And it is perhaps in this light, in which he came to see the identity between the cross of Jesus and solidarity with the oppressed, that Bonhoeffer offers such a poignant model of contemporary holiness. After the war some German Christians were reluctant to call him a martyr, since he had been executed for political rather than “religious” charges. This attitude, which would set the “holy life” apart from the world and its concrete demands, exemplified the religious mentality that Bonhoeffer rejected. For him, following Christ was a matter of engagement in this world, “living unreservedly in life’s duties, problems, successes and failures, experiences and perplexities. In so doing we throw ourselves completely into the arms of God, taking seriously, not our own sufferings, but those of God in the world—watching with Christ in Gethsemane. That, I think is faith, that is metanoia; and that is how one becomes a [person] and a Christian.” [4]

[1] Dietrich Bonhoeffer, Ethics, trans. Neville Horton Smith (Touchstone: 1995, ©1955), 219.

[2] Dietrich Bonhoeffer, letter to Eberhard Bethge (April 30, 1944), Letters and Papers from Prison, ed. Eberhard Bethge, rev. ed. (The Macmillan Company: 1967), 155.

[3] Dietrich Bonhoeffer, “An Account at the Turn of the Year 1942–1943,” Letters and Papers from Prison (Fortress Press: 2015), 20.

[4] Dietrich Bonhoeffer, letter to Eberhard Bethge (July 21, 1944), Letters and Papers from Prison (Macmillan: 1967), 202.

Robert Ellsberg, All Saints: Daily Reflections on Saints, Prophets, and Witnesses for Our Time (The Crossroad Publishing Company: 1997, 1998), 161.

Image credit: Deborah Under the Palm Tree (detail) by Adriene Cruz. Used with permission of the artist. See more of Cruz’s work:
Inspiration for this week’s banner image: A prophet is one who keeps God free for people and who keeps people free for God. —Richard Rohr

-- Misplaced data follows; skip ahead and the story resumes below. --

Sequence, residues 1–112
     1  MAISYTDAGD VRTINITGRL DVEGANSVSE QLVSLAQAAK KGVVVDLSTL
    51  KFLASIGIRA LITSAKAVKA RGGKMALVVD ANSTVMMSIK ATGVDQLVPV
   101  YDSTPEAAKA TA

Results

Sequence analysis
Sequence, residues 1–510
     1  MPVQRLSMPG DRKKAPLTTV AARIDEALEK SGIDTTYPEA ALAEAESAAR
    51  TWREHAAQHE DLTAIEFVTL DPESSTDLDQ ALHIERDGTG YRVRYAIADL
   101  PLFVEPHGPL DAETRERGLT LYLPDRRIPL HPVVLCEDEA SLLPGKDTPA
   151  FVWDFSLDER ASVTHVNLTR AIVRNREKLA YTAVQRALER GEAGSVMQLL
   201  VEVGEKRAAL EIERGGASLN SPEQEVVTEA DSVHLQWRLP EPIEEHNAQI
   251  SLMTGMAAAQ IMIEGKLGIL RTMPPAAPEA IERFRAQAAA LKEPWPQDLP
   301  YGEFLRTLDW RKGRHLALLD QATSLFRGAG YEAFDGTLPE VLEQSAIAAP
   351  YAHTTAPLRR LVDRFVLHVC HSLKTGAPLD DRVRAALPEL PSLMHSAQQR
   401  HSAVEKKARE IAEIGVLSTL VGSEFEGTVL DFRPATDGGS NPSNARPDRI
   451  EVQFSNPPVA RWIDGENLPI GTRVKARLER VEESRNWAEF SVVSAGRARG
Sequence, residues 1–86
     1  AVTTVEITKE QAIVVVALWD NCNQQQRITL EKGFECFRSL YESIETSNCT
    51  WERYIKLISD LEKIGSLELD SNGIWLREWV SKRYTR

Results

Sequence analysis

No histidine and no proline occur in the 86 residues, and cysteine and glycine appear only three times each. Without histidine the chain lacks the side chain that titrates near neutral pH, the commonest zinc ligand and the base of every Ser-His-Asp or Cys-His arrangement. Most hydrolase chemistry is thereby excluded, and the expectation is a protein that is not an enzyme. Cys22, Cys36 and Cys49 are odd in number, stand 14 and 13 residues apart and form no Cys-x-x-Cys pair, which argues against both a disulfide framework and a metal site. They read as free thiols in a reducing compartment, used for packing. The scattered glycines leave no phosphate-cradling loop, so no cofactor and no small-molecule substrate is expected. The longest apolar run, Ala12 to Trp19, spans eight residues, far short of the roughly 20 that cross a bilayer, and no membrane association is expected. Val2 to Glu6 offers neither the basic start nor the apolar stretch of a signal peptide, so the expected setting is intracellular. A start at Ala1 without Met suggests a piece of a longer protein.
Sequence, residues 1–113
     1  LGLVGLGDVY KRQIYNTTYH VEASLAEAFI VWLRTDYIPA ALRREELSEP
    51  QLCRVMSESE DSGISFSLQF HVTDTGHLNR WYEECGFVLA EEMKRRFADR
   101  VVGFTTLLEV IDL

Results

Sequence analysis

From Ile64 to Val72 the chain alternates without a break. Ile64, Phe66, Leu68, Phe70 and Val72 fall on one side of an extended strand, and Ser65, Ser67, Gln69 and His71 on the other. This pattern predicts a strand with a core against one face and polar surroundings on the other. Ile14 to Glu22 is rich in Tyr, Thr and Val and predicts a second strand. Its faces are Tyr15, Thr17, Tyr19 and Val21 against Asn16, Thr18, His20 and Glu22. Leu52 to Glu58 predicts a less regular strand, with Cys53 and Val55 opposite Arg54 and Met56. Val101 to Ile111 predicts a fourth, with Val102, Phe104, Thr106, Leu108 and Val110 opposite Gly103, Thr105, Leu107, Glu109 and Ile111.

Navigate by Date

This year’s theme

A candle being lit

Radical Resilience

We live in a world on fire. This year the Daily Meditations will explore contemplation as a way to build Radical Resilience so we can stand in solidarity with the world without burning up or burning out. The path ahead may be challenging, but we can walk it together.

The archives

Explore the Daily Meditations

Explore past meditations and annual themes by browsing the Daily Meditations archive. Explore by topic or use the search bar to find wisdom from specific teachers.

Join our email community

Sign-up to receive the Daily Meditations, featuring reflections on the wisdom and practices of the Christian contemplative tradition.

Hidden Fields

Find out about upcoming courses, registration dates, and new online courses.
Our theme this year is Radical Resilience. How do we tend our inner flame so we can stand in solidarity with the world without burning up or out? Meditations are emailed every day of the week, including the Weekly Summary on Saturday. Each week builds on previous topics, but you can join at any time.
In a world of fault lines and fractures, how do we expand our sense of self to include love, healing, and forgiveness—not just for ourselves or those like us, but for all? This monthly email features wisdom and stories from the emerging Christian contemplative movement. Join spiritual seekers from around the world and discover your place in the Great Story Line connecting us all in the One Great Life. Conspirare. Breathe with us.